Gabon’s mangrove trees make African country one of world's few absorbers of carbon

2021-10-27 13:05:01
Gabon’s mangrove trees make African country one of world's few absorbers of carbon

The towering trees in Gabon's impenetrable mangrove swamps have helped to make the Central African country one of the world's few net absorbers of carbon.

The plants sequester the greenhouse gas four times faster than forests on land.

While the world struggles to curb climate change and U.N. talks on the issue begin at the end of the month, countries such as Gabon are trying to work out exactly how much carbon is locked in their mangroves.

"We do not really have a lot of information on the mangrove forests compared to the terra firma forests," Vincent Medjibe, who collects carbon data for Gabon's National Parks Agency, told Reuters.

"We're working on it," he said.

Across the estuary from the mangrove-rich Pongara National Park, the growing capital Libreville exemplifies the threat mangroves face. In one outer neighbourhood, dry tussocks and muddy holes are what remain of a former swamp that has been illegally cleared for construction.

As well as storing carbon, the swamps are rich in wildlife and serve as natural flood defences.

A resident who gave her name only as Christella said she was worried her future neighbours didn't realise the danger. "They're in a basin of sorts and when the heavy rains come, the water can rise," she said.

The positive news is that awareness is growing.

In the last 20 years, mangroves have recovered from being one of the world's fastest-shrinking habitats to one of the best-protected with over 40% in a legally protected area, a July report by a coalition called the Global Mangrove Alliance found.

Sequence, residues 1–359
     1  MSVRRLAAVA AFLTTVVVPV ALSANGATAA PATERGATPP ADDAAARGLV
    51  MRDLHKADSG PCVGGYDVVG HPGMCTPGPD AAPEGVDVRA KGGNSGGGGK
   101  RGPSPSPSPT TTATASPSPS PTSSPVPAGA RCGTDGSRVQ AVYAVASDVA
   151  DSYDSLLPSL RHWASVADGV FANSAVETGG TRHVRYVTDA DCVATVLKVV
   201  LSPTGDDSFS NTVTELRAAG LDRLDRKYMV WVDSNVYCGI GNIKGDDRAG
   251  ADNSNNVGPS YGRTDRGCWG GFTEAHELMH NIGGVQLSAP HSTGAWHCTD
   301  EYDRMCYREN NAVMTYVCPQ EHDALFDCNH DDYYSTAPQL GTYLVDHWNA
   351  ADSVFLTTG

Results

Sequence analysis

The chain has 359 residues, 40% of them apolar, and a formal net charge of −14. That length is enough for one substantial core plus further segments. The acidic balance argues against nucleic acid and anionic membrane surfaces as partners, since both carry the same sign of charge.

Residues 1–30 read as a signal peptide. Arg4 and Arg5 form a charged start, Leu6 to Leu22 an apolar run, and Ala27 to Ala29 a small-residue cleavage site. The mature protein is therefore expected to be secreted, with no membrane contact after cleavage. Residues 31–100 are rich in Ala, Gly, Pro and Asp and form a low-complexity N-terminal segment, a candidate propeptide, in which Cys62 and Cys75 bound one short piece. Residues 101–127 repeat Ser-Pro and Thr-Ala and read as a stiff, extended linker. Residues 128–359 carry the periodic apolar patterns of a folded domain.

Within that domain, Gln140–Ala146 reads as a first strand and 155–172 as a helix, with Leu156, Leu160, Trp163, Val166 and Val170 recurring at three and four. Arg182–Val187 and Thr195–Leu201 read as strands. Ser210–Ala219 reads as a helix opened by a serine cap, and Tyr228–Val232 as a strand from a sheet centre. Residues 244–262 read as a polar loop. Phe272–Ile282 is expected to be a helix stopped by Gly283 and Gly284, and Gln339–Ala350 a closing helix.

Gabon only began to realise the full extent of its mangroves in 2018 when a study in the journal Nature Geoscience used satellite imagery to discover some of the estuary's trees were more than 65 metres high, taller than the Sydney Opera House, making them the world's tallest mangroves.

NASA earth scientist Lola Fatoyinbo, who co-authored the study, said knowledge was improving rapidly.

"Science has gotten better, our understanding of their role as really important carbon sinks has gotten better and so awareness has become greater," she told Reuters.

Mangroves are found in over 100 countries. Those that lack monitoring capacity can use an online map and data platform called Global Mangrove Watch. It sends out alerts in near real-time when it picks up signs of disturbance.

In Gabon, public awareness drives are designed to reduce the pressure on Libreville's mangroves and the country's space observatory is helping to track the mangroves that fringe nearly half of the 1,485 km coast, head of environmental protection Stanislas Stephen Mouba told Reuters.

"There's a very huge logistical aspect if you want to cover all the mangroves of Gabon, but with this kind of tool we can use it as an early warning system ... they can say 'oh, we have to send people here,'" he said.


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